6. Prepare your food safely. Follow these simple steps: wash hands and surfaces often, avoid cross-contamination, cook foods to proper temperatures, and refrigerate promptly. Salmonella does not go well with grandma’s sweet potato pie.
7. Eat Healthy: Eat plenty of fruits and vegetables. Limit your portion sizes and foods high in fat and sugar. Follow our Holiday Healthy Eating Guide to enjoy your celebratory feasts without destroying your waistline. Avoid getting into the fast-food routine simply because you’re busy. If you find yourself stuck at a fast food joint in the airport or on the side of the freeway, use one of the many Smart Phone apps to help you navigate the menu with a little calorie counting insider trader information (we recommend the free application, CalorieHunterLite, to find out how many calories are in your favorite fast foods).
8. Stay Active: A combination of vigorous exercise (20 minutes three times per week) plus moderate exercise on the remainder of the days was associated with a 50% decreased mortality risk in individuals 50-71 years of age (2). Pretty significant if you ask us. It has also been shown to reduce stress, anxiety and depression (remember what we said above?) (3, 4). Make simple changes in your daily routine like taking the stairs instead of the elevator or parking father away from the mall to incorporate more physical activity into your routine. Involve the whole family in exercise with family football games, 5k races or living room yoga/pilates sessions. If you don’t know where to start with exercise, you can follow the monthly TRAINER program designed by our very own medical professionals.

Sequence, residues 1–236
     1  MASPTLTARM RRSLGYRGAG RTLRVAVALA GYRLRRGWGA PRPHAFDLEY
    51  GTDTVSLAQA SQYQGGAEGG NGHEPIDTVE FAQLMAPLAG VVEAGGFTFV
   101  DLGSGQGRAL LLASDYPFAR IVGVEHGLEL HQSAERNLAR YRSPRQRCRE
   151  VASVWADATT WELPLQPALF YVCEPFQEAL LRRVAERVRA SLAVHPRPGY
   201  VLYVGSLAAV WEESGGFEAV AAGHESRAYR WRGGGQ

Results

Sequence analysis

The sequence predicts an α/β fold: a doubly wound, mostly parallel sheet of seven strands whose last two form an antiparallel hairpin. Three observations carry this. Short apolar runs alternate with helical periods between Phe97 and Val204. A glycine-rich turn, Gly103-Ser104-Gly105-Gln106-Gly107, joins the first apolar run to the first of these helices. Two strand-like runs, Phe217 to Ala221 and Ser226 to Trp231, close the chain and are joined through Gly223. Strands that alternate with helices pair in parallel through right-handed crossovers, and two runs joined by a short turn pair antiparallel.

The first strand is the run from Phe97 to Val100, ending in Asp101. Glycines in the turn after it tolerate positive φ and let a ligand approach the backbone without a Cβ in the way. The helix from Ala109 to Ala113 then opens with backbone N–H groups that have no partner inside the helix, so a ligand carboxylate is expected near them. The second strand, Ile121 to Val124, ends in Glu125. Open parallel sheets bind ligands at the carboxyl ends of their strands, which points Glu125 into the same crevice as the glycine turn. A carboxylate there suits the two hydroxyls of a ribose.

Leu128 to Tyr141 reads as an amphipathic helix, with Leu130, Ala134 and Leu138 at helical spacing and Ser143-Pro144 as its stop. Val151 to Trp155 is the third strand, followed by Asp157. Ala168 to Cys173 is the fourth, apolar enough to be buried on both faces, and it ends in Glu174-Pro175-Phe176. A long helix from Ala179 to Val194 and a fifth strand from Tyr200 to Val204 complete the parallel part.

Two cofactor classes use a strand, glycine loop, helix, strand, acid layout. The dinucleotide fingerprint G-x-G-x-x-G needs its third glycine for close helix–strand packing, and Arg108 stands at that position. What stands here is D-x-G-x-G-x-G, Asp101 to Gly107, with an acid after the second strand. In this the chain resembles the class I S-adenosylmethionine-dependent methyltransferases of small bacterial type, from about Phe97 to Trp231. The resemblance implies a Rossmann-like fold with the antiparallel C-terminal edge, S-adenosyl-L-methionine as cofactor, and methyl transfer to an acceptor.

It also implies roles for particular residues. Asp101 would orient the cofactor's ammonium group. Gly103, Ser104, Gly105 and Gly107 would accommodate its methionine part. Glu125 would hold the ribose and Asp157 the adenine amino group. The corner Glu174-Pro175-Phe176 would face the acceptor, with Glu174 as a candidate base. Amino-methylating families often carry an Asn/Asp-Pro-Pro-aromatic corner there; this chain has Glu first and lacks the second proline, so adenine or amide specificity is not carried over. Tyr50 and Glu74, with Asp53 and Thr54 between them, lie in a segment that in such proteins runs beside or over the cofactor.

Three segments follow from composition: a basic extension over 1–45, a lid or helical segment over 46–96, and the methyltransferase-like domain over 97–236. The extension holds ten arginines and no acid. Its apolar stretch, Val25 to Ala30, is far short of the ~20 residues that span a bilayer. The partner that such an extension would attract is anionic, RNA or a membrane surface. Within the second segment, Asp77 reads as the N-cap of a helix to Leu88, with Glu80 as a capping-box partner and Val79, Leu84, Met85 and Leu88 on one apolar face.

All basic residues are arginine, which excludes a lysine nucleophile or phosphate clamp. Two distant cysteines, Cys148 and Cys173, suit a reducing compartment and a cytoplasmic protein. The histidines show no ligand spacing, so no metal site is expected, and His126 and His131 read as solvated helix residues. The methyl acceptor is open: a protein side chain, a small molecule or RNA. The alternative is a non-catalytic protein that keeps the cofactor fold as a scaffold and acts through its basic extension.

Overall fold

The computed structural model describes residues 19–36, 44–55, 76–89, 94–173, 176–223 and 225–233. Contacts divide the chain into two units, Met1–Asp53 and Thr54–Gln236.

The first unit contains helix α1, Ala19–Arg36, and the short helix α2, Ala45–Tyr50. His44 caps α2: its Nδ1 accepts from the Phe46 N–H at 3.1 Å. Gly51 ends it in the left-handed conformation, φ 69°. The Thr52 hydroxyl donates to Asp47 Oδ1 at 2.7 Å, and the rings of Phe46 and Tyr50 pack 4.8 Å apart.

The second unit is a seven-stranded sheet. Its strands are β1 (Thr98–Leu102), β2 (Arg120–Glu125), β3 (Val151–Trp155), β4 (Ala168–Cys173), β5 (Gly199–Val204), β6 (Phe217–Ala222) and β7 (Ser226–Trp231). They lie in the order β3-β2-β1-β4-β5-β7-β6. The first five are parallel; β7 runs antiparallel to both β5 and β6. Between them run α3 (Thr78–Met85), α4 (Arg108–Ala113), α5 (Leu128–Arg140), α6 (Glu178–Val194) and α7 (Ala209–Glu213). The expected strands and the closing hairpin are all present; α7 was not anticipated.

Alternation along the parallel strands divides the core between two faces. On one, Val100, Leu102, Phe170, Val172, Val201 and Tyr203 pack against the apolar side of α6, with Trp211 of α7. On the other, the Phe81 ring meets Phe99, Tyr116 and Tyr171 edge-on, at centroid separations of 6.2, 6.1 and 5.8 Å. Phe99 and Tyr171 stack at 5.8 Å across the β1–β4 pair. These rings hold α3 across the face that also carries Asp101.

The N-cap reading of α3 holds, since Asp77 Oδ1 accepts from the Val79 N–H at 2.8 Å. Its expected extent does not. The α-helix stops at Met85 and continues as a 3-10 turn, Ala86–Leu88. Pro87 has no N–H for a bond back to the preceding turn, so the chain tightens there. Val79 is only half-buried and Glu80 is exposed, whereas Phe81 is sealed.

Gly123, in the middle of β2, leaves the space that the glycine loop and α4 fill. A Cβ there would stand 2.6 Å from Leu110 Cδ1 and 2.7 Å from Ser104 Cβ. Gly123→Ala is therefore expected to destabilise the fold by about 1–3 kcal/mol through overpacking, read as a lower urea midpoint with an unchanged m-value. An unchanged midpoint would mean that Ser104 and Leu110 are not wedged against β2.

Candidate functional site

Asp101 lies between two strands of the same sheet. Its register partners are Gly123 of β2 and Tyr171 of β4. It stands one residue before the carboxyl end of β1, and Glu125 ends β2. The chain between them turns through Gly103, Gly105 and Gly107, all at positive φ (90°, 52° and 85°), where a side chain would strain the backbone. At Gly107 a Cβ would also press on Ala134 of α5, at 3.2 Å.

9. Get Enough Sleep: Even if your routine is interrupted by guests, travel, blizzards or midnight door-buster sales, maintain a regular sleep schedule as much as possible. Sleep deprivation has been linked to two-fold increase in obesity, immune system suppression increasing your chances of coming down with a nasty bug, increases your risk of Type II Diabetes, and notable cognitive impairment (5, 6). A study of medical residents showed that interns working in the “traditional schedule” made 36% more serious medical errors than interns did under the “intervention schedule” that included more sleep (7). While you may not be pulling all-nighters like the Seattle Grace surgery team on Grey’s Anatomy, you will definitely see a decline in your cognitive performance with sleep deprivation leaving you having to explain why you bought your mother-in-law a gift certificate to Victoria’s Secret. How much sleep do you need? Take a look at the data from the National Sleep Foundation below to find out:
10. Remember what the holidays are about: In today’s commercialized society, it’s easy to lose track of the meaning of the winter holidays. Darting from the mall to holiday party to school play to the mountain slopes, we often forget what it’s all about. Regardless of your religious beliefs, think of the holidays as a great time to enjoy the company of friends and family, to reflect on the year gone by and to plan for the future. Happy holidays!
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1. Webster Marketon JI, Glaser R.Cell Immunol. 2008 Mar-Apr;252(1-2):16-26. Epub 2008 Feb 14.
2. Leitzmann MF, et al. Physical activity recommendations and decreased risk of mortality. Arch Intern Med. 2007 Dec 10;167(22):2453-60.
3. Herring MP, et al. The effect of exercise training on anxiety symptoms among patients: a systematic review. Arch Intern Med. 2010 Feb 22;170(4):321-31.
4. Martin CK, et al. Exercise dose and quality of life: a randomized controlled trial. Arch Intern Med. 2009 Feb 9;169(3):269-78.
5. University of Warwick (2006, July 13). Sleep Deprivation Doubles Risks Of Obesity In Both Children And Adults. ScienceDaily.
6. Gonzalez-Ortiz M. Effect of sleep deprivation on insulin sensitivity and cortisol concentration in healthy subjects. Diabetes Nutr Metab. 2000 Apr;13(2):80-3.
7. Landrigan CP, Rothschild JM, Cronin JW, kaushal R, Burdick E, Katz JT, et al. Effects of reducing interns’ work hours on serious medical errors in intensive care units. N Engl J Med 2004, 351: 1838-1848.